Joanne Fraill, a juror in a multi-handed criminal trial contacted an acquitted defendant in that trial while still deliberating on the verdicts on other counts, and had an online discussion through Facebook. During the discussion she had revealed the nature of the jury’s deliberations. She had also conducted internet research on the defendants, contrary to the warning given by the judge. At the substantive hearing, she admitted her contempt in all the respects alleged.
The defendant, Jamie Sewart, denied contempt alleged on the basis that she had solicited or obtained particulars of the jury’s deliberations, contrary to section 8 of the Contempt of Court Act 1981. The contempt was found proved at a hearing presided over by the Lord Chief Justice. Sentencing will take place at a hearing on Thursday, 16th June. At the same hearing, an appeal by a convicted defendant in the criminal trial, based in part on the juror’s misconduct in performing internet research on the defendants, will also be determined. Angus McCullough QC appeared with the Solicitor General and Duncan Penny (of 6 King’s Bench Walk).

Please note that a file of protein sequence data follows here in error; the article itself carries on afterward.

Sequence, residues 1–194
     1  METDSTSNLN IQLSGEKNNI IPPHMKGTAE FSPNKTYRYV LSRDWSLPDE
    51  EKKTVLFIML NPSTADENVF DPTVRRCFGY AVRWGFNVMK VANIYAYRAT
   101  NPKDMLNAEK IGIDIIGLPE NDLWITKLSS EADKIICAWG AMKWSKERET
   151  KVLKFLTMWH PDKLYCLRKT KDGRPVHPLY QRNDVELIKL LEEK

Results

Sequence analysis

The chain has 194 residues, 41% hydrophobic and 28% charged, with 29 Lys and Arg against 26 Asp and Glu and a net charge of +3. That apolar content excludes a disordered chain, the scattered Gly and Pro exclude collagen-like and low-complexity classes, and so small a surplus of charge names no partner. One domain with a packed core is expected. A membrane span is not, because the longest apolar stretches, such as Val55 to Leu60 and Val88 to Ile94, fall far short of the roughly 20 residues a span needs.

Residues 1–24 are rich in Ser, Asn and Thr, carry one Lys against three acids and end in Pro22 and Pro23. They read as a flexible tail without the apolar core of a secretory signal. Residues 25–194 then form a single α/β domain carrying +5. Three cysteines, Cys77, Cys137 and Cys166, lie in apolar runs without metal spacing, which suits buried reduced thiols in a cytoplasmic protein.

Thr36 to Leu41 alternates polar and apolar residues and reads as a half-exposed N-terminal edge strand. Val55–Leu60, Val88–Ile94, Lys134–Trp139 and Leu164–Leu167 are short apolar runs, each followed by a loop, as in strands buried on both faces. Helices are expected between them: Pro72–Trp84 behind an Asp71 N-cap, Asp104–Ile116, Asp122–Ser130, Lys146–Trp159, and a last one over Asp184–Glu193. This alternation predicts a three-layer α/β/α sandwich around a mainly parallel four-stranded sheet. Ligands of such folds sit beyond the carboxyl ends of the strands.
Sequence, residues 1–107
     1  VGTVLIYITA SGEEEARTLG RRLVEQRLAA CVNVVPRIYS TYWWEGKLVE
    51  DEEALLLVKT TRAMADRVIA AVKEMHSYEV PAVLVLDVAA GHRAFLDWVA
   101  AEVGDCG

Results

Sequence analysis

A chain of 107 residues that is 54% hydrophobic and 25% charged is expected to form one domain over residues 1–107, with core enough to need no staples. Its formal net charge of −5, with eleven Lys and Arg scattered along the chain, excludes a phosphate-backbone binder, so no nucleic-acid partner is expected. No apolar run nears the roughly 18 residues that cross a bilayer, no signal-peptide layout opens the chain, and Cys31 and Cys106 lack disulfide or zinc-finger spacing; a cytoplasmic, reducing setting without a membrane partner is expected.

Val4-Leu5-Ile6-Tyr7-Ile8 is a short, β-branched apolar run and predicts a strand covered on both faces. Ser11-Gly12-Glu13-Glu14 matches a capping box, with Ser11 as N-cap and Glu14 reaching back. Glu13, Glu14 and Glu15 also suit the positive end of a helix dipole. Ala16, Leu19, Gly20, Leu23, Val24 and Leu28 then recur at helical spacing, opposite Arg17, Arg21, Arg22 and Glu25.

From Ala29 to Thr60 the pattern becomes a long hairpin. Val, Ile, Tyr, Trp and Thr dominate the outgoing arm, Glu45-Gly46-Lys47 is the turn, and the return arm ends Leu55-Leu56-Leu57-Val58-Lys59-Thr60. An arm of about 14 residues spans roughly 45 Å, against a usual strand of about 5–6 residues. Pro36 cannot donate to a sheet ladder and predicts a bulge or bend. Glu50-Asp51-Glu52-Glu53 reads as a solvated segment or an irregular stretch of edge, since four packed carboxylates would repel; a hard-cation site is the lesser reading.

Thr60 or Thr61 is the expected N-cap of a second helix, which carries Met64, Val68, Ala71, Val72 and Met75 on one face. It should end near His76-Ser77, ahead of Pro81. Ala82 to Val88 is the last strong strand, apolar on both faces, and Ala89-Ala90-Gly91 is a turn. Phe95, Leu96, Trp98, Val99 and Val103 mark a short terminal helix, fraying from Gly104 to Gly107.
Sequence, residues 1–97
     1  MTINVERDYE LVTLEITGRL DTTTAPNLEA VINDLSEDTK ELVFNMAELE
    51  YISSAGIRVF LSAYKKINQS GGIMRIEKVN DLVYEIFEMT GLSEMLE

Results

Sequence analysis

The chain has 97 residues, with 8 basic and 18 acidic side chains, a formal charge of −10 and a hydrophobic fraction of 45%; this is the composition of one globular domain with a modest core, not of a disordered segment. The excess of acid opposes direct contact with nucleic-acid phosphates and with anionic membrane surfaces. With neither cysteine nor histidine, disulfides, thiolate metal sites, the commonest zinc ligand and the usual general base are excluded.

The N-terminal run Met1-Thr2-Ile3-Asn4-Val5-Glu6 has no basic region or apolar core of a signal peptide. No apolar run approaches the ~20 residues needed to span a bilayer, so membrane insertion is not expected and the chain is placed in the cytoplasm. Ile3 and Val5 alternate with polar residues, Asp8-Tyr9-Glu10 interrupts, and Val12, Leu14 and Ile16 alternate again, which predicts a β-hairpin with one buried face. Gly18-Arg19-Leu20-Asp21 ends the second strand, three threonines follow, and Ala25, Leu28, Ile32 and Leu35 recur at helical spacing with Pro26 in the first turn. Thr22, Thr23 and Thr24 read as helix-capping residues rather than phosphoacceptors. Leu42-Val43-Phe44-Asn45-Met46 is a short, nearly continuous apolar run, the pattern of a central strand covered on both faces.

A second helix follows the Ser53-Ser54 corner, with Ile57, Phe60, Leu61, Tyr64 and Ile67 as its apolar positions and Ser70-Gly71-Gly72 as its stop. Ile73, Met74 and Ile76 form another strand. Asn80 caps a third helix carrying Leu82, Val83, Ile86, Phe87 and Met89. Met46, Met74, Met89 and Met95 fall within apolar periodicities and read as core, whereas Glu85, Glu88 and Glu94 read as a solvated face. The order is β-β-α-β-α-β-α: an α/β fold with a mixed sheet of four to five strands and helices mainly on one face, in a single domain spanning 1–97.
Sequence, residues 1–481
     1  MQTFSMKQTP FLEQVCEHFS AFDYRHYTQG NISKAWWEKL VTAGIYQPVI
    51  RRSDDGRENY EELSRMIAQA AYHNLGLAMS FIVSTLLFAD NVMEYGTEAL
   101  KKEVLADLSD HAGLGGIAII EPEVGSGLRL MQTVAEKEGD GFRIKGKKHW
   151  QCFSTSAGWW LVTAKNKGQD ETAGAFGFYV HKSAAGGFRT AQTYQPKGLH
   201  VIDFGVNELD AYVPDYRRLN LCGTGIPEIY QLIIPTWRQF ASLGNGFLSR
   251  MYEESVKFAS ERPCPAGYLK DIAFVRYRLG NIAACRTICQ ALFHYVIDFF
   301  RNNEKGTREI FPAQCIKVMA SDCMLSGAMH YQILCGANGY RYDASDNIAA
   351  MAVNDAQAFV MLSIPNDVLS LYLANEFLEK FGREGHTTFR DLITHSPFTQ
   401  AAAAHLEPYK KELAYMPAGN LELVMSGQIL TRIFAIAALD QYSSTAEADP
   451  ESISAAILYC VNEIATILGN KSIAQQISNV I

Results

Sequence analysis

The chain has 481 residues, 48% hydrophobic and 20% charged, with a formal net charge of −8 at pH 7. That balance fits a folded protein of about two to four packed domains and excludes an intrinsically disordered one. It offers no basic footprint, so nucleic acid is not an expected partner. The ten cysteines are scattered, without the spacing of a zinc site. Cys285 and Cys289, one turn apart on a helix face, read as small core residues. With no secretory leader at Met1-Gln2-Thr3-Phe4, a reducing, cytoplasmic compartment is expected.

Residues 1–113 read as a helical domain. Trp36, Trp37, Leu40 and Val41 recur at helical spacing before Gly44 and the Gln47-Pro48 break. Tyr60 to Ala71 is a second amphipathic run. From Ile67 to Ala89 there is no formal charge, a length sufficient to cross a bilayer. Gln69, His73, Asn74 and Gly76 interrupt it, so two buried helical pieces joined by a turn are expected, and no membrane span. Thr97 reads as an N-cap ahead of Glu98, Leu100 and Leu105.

This is the first case in this jurisdiction in which a juror has been found to have been in contempt as a result of internet research or prohibited discussion taking place online.